Well, what happened was she asked me to help her with something -- I can't remember what -- so I grabbed at that and said, "Okay, but you've got to do something for me." She looked at me suspiciously. I never ask her to return a favour so it was obviously going to be something she'd hate.
I said, "Just one little game of dominoes. Don't worry, It's really easy. As easy as that." I pointed at the TV. There happened to be an ad for some silly children's thing on at that moment.
She hesitated, then smiled, "Oh, okay. But just one. And just for you," she said, pointing at me.
It took a while to get her mentally prepared and in the mood. We had to wait for her to relax from puttering, and then until whatever she was watching on TV was over. But finally we cleared off the dining room table and dumped the dominoes on it. I read over the instructions as quickly as possible. We picked out five each and started playing. Learning it together. I referred back to the instructions several times. After the first quick game we played another and began to get the idea together, so kept playing. Then Linda started figuring out what it took to win, and began applying it. But suddenly things would go wrong and one of us would have to pick up dominoes from the pile, one after the other, sadly, and we would laugh. After quite a few games we finally got played out and put them away. But Linda was smiling and said, "That was fun. And it was really distracting from everything!"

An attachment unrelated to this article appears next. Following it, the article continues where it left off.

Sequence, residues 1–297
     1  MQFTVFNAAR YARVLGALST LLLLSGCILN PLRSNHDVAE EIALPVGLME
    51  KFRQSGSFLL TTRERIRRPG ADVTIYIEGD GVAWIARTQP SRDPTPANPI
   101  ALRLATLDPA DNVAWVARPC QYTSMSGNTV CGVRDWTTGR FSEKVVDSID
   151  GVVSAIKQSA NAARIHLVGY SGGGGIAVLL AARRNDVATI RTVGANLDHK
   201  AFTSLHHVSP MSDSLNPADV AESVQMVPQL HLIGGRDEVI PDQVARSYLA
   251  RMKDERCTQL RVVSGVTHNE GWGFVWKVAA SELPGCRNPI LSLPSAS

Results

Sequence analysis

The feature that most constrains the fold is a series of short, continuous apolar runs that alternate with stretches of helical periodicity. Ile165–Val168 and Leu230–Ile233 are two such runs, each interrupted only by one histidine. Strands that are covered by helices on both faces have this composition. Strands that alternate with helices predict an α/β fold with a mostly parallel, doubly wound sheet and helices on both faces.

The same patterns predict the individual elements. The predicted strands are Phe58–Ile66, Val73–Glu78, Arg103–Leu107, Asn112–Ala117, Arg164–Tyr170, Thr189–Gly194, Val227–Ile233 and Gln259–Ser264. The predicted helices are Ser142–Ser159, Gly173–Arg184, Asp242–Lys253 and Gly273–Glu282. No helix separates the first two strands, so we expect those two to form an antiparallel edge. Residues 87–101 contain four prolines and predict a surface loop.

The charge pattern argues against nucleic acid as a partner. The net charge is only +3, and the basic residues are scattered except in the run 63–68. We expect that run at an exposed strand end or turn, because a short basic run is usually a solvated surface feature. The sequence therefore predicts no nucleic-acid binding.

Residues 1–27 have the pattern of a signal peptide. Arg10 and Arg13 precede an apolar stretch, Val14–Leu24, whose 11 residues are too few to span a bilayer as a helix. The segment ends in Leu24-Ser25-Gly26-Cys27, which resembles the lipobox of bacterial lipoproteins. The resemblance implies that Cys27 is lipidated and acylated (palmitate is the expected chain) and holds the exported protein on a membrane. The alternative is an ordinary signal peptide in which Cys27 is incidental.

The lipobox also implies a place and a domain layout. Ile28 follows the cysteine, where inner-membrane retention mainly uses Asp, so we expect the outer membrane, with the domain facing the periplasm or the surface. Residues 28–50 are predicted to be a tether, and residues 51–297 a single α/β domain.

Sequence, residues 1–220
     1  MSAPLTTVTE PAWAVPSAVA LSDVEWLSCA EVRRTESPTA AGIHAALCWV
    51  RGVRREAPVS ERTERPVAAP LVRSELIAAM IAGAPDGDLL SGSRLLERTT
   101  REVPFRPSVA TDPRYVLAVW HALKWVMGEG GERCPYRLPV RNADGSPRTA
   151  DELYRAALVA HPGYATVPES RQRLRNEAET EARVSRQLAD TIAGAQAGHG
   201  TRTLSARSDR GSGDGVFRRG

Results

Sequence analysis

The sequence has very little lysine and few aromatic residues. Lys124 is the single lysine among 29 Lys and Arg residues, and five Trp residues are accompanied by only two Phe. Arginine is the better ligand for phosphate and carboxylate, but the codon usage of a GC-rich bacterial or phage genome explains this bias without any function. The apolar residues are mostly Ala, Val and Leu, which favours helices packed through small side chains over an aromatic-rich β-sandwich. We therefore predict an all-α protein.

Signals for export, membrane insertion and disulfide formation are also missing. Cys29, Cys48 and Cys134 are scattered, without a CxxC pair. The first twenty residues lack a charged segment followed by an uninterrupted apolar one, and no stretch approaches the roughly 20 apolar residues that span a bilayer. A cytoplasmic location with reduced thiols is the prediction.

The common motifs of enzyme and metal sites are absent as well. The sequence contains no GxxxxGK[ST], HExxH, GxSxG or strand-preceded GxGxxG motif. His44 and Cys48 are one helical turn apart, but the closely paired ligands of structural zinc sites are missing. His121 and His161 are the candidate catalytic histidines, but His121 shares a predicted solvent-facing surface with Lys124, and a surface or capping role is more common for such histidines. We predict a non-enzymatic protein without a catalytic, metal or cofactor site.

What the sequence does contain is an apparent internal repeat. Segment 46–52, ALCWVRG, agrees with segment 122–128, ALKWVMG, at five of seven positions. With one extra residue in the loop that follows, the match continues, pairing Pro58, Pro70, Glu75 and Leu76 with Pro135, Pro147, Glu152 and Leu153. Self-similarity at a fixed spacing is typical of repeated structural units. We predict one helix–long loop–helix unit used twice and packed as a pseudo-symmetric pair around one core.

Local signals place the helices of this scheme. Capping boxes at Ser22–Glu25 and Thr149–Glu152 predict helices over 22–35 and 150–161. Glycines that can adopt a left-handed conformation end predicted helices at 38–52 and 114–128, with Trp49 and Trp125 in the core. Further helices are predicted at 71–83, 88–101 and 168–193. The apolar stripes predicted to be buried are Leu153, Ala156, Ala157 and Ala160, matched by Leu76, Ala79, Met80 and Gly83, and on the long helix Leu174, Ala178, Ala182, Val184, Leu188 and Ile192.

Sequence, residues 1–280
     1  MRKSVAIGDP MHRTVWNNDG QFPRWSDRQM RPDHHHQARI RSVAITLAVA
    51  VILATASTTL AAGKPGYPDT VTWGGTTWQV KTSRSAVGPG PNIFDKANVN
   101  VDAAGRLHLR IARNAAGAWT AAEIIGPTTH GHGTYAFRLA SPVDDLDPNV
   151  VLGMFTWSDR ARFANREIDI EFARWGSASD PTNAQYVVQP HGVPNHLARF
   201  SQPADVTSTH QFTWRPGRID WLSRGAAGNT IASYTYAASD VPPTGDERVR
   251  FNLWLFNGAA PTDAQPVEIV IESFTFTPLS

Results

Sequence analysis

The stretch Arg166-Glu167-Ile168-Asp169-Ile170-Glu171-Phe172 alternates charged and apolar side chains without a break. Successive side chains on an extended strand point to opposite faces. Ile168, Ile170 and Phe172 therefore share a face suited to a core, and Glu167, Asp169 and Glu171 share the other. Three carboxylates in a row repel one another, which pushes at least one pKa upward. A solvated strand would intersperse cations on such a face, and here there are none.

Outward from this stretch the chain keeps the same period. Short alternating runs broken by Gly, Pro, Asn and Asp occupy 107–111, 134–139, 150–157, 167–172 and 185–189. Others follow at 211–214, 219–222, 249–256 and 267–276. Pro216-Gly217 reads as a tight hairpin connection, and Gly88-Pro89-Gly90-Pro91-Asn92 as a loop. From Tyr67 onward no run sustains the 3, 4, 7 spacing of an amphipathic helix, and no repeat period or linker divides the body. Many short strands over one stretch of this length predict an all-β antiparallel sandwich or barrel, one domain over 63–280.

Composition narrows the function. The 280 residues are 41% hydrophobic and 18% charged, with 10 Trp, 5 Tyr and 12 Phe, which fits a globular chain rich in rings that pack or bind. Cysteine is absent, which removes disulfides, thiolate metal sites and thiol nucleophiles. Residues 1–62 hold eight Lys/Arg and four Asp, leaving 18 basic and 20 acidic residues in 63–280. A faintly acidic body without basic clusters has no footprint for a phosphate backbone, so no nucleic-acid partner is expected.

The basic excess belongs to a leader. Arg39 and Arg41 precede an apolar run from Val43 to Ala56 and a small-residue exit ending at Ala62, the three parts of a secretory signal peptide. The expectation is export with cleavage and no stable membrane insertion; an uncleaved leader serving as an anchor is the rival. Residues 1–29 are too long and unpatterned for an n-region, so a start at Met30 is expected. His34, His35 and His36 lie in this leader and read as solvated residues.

The next afternoon we put our coats on and left to go to Tillsonburg. There's a flea market/antique place there she wanted to see. In the elevator down I said, "Considering how little we have in common, just imagine if I was into sports."
She looked at me, thinking of other male relatives who spend most of their free time obsessed with one sport or another. Depending on the season, I guess. "We would be living separate lives completely!" she said.
Well, she drove to Tillsonburg. I drank coffee out of my Thermos and admired the farms. Remembering my childhood. I went into the flea market with her for a little while. Found one stall with "Fur, Fish and Game" magazines, which got me excited for a couple minutes, because I had had a subscription to it when I was a young teenager, and had wanted to be a professional trapper when I grew up. Now, reading a column about trapping muskrats I began feeling a little sick inside. The past is over.
I sat in McDonalds, reading and writing, then went back to the flea market to pick up Linda and on to London again. It was my turn to drive, and Linda's to sit back and drain out some of the stress that comes from looking, wanting and not getting.